There are a couple of clues that you can look for to see if your pain in these areas might be coming from your gall bladder. The best clue is if you notice this pain more after you eat, especially after you eat things that are high in fat content, as this is when the gall bladder goes to work to help digest the fat. The other clue you can look for is in your stool. When the gallbladder is not functioning properly, the food that we eat will not be properly digested and absorbed, and it will come out in your stool. If you notice after you go to the bathroom that your stool is either floating on the surface of the water or sticks to the side of the bowl ,this can indicate that your body is not properly digesting fat and that the gall bladder is in trouble.These clues would tip you off that you need to see your primary care physician instead of a physical therapist or a chiropractor.
Stomach and Intestines
The final most common internal-organ referred pain that I see in my clinic is from the stomach and intestines. Oftentimes, our GI system doesn't present with very obvious symptoms when it's under stress. Therefore, many times the first symptoms that a patient notices is the pain referral.
As you can see in the picture above, the stomach and intestines can refer pain to many different areas. The most common area that many people already understand is that if they feel pain in their abdomen, they most likely have something going on in their stomach or intestines.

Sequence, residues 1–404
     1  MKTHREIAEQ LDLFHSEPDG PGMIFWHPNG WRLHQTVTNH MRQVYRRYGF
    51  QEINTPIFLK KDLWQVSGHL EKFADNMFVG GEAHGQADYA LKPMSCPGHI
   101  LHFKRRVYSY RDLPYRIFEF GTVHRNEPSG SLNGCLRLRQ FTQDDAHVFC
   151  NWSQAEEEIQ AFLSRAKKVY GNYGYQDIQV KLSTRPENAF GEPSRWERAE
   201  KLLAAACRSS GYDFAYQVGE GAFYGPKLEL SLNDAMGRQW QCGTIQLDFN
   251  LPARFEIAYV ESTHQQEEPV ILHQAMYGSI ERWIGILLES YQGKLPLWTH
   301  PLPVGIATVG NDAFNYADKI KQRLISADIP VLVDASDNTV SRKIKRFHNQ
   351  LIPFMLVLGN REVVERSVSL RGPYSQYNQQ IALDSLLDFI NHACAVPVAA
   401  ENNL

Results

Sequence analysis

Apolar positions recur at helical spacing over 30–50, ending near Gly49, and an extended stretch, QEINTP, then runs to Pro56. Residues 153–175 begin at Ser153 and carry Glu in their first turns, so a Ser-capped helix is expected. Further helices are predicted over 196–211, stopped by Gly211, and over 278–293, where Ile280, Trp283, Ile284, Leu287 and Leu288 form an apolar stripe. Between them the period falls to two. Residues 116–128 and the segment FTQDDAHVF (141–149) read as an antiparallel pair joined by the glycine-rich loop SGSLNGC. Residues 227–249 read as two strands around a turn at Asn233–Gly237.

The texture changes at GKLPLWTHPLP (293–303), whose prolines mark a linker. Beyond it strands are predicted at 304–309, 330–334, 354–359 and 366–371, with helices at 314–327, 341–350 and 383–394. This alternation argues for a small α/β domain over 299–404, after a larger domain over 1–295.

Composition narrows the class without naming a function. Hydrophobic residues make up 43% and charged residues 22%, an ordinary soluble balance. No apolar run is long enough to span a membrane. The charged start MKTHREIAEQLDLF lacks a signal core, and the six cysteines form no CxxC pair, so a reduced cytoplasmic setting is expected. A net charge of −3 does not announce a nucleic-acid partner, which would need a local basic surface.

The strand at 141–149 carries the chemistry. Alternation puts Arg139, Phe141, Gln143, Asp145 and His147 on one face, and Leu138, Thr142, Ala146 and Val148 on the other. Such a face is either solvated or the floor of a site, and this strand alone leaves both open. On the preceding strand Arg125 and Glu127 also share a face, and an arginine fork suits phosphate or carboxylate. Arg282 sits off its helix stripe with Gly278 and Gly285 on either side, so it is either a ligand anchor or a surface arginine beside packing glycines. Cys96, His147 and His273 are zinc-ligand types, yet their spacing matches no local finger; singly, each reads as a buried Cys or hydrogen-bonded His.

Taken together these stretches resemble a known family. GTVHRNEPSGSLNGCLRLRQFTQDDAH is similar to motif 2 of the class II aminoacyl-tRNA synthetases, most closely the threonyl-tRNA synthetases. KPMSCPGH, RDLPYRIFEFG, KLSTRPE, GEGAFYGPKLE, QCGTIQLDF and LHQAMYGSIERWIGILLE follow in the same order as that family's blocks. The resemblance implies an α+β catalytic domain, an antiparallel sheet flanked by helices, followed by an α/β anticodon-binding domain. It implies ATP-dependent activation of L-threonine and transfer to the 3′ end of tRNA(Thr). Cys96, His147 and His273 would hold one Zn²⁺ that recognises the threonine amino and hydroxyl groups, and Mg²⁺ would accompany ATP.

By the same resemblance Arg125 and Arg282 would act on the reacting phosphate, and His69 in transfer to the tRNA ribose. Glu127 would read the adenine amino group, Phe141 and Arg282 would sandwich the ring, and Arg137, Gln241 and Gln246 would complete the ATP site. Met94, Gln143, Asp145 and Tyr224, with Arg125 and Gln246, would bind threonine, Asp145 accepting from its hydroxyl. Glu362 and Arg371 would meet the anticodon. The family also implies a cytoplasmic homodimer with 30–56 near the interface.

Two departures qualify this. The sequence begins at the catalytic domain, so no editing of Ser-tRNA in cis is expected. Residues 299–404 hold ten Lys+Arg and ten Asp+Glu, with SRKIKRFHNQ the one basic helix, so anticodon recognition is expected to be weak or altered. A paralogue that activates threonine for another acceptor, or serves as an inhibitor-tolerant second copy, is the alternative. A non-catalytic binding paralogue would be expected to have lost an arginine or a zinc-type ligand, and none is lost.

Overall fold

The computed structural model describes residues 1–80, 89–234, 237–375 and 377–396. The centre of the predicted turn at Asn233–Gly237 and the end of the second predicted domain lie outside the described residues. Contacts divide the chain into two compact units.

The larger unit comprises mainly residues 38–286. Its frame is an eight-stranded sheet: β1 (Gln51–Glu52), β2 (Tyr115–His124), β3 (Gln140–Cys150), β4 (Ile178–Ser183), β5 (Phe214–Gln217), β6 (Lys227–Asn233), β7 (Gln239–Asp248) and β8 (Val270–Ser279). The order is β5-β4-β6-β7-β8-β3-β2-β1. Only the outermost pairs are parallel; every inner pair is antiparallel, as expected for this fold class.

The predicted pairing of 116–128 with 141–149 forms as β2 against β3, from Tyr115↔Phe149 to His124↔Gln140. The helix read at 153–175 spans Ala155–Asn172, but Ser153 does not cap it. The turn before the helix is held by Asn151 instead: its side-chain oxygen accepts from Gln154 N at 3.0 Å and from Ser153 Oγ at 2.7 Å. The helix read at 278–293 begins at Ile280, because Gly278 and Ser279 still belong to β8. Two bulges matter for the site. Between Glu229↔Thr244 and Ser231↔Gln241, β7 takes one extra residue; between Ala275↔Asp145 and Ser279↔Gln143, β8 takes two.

What I see a lot in my clinic is pain in the low back being caused by the stomach or intestines. This can actually happen for multiple reasons. Sometimes the actual structures in the stomach or intestines can refer pain to the back, but another common thing that happens is when your stomach or intestines are irritated, they will actually send signals to the brain to decrease the activation in your core muscles so that the muscles do not press hard against the internal organs. This reduction in core muscle activity can also lead to low back pain.
*Note: If you are suffering from low back pain, one of the best tips that I give people to determine whether this might be coming from the stomach or intestines is simply to pay attention to the sensations in their abdomen. You should not feel your stomach and intestines during normal digestion.
Sadly, in America, many of our diets are very poor and we eat lots of inflammatory foods. So it might be very common for you to feel a burning or irritation after you eat - but this is not normal. If you are experiencing low back pain, and you commonly notice that after you eat you feel like a burning sensation or a discomfort in your belly this is a big sign that your low back pain may be coming from the stomach or intestines. Your first stop should be your primary care physician.
Unlike some of the other organs mentioned above, referred pain in your stomach and intestines may require a trip to your chiropractor or physical therapist after you've seen your primary care doctor.
If your pain was coming from the inactivity in the core muscles that I mentioned earlier, you may require some core activation exercises to help return your body to normal and decrease your low back pain.
It Helps to Understand Referred Pain
So there you have it. Our body can be very tricky! And understanding referred pain is the best way to shorten the amount of time it takes you to get better. Like I was saying above, if you're having chest pain and left arm pain and your doctor wastes time treating your left arm first, it's going to take you longer to get better. So make sure you see a doctor who is knowledgeable on referred pain.
If you're in the Tulsa area and are experiencing pain that you think might be referred pain, give us a call at 918-300-4084. Dr. John Keefe can do a thorough exam and let you know if his care would be right for you or if you should go see your primary care doctor.